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As with most aluminum cases, the ATC-201A is light. At a mere 12lbs (case alone), you should have no problem lugging the rig from place to place. Like most of the aluminum cases on the market, you're on your own when it comes to the power supply. In most cases (no pun intended), stock power supplies aren't of the best quality, and I'll bet most of you have an aftermarket PSU anyways.


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There are 4 external 5.25" drive bays, and 2 external 3.5" drive bays. This should be enough expansion room for most users, as being a mid sized case, you do sacrifice the number of drive bays when compared to a full tower.

Our Cooler Master, and from what I hear, most Cooler Masters, was missing one external 5.25" drive bay faceplate. I suppose the idea behind it is you'll have at least one optical drive to put in there, but for those of you who wish to stealth their CDROM drive, you'll have to resort to painting it instead, or picking up one of Cooler Master's aluminum bezels.


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The ATC-201 has a mesh grill (to allow for airflow for the fans), which will be a hit or miss for some people. Personally, I find it a nice aesthetic (and functional) feature, whereas there are people who prefer an untainted front panel. We will discuss why this vent placement is better than how most cases draw air later on in the review.

The power button and reset button are nicely recessed on the right side. The power button is a little "squishy" for my tastes, but that's a minor complaint on my part. On the left of the vent are the USB 2.0 ports. Personally, I don't like the idea of USB ports that "show" on the front, so the spring door to cover the ports is nice. I'm not sure if it was our sample or if it'll be a common issue for all of the production 201As, but the spring door doesn't really lock in an open position. A couple of times, it just swung shut, bending the cable to my USB device. No damage was done, but you'll need to take some care with the door.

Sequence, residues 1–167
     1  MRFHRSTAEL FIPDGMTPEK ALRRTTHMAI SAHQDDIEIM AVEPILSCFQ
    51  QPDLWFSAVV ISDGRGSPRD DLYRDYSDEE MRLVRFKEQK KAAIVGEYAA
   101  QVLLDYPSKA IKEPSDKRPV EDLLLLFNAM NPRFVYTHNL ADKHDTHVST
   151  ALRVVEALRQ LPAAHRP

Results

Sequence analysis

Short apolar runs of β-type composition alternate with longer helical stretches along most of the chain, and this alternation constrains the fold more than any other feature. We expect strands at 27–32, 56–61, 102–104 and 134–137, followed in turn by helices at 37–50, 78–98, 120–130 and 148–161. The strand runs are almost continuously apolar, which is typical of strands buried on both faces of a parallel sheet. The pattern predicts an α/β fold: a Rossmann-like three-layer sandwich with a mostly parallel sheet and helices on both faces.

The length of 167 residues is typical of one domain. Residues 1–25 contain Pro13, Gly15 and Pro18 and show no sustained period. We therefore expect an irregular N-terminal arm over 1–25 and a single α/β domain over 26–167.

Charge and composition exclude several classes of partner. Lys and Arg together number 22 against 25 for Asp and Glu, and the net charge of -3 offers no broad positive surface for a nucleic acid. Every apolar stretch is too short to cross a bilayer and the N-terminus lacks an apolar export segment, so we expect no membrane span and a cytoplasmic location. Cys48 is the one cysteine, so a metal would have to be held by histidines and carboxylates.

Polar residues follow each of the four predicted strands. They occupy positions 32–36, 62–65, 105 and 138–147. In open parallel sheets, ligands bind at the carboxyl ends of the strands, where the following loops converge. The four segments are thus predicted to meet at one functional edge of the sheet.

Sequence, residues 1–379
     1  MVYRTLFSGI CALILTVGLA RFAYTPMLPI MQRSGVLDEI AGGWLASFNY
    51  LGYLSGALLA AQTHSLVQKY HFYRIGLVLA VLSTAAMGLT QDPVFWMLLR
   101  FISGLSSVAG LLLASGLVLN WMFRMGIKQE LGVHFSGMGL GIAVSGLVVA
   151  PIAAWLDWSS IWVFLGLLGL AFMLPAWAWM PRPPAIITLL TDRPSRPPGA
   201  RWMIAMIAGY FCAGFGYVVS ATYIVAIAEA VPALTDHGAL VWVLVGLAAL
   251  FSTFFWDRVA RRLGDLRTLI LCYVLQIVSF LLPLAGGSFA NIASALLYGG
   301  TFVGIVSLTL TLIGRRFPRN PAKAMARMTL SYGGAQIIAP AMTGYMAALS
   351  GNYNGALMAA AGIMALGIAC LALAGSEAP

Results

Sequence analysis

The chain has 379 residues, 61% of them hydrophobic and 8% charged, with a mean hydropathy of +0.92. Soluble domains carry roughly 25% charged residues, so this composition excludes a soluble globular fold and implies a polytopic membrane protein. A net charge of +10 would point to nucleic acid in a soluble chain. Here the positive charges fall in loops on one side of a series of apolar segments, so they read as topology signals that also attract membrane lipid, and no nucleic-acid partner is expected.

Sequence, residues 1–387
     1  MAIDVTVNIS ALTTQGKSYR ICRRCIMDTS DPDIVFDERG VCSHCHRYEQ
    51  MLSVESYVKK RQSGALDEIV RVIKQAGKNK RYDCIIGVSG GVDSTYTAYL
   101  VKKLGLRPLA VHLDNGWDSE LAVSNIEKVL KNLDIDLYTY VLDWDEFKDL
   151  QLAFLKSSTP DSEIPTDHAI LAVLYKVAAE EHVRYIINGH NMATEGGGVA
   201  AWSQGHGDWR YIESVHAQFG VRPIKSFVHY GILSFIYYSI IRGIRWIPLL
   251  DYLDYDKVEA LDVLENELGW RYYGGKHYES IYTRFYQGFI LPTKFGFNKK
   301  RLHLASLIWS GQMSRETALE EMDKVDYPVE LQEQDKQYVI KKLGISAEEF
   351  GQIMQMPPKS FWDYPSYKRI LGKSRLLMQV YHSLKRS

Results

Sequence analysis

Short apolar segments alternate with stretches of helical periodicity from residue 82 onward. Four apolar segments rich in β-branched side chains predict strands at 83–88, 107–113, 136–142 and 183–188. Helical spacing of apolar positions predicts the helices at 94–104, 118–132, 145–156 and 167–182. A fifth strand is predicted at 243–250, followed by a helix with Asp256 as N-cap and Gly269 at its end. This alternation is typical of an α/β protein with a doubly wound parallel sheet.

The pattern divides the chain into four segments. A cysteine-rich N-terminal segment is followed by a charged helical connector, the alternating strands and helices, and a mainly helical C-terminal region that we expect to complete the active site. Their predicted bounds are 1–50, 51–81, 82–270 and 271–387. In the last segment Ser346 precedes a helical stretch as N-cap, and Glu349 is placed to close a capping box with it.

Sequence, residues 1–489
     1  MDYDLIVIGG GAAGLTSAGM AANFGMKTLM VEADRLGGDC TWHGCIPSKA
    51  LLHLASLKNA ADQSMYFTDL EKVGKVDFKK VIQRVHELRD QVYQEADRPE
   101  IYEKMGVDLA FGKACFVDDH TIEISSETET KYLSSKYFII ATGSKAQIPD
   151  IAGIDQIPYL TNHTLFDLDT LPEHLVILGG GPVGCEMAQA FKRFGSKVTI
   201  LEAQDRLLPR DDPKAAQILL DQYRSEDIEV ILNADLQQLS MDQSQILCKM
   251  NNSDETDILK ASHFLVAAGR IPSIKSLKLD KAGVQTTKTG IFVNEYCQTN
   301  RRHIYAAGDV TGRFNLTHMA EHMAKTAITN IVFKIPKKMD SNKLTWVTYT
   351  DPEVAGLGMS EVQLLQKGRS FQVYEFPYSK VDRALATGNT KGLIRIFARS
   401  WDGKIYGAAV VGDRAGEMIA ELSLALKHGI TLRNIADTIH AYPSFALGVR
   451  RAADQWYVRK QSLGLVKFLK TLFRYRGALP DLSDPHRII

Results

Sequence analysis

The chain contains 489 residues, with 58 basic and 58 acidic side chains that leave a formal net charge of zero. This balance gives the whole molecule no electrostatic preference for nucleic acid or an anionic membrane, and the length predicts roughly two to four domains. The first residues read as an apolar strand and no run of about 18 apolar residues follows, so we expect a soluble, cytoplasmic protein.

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Taking a cue from home audio equipment, there's a nice gold trim around the 4 feet on the bottom of the case. I do question the colour choice though, as being a silver case, a silver trim would be a better colour match for the rest of the case. The feet are fairly spongy, and do a pretty good job at keeping the case from slipping around.


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As with past Cooler Master cases, both side panels are removable. There are three thumbscrews on each side panel, and each panel has a small grip on the back to pull them off. The side panel on the left side has a pre-cut blow hole, which is referred to as the "Air Guide". The case is available without the Air Guide, but as our tests have shown, it works prety good. We'll talk more about this in the cooling features.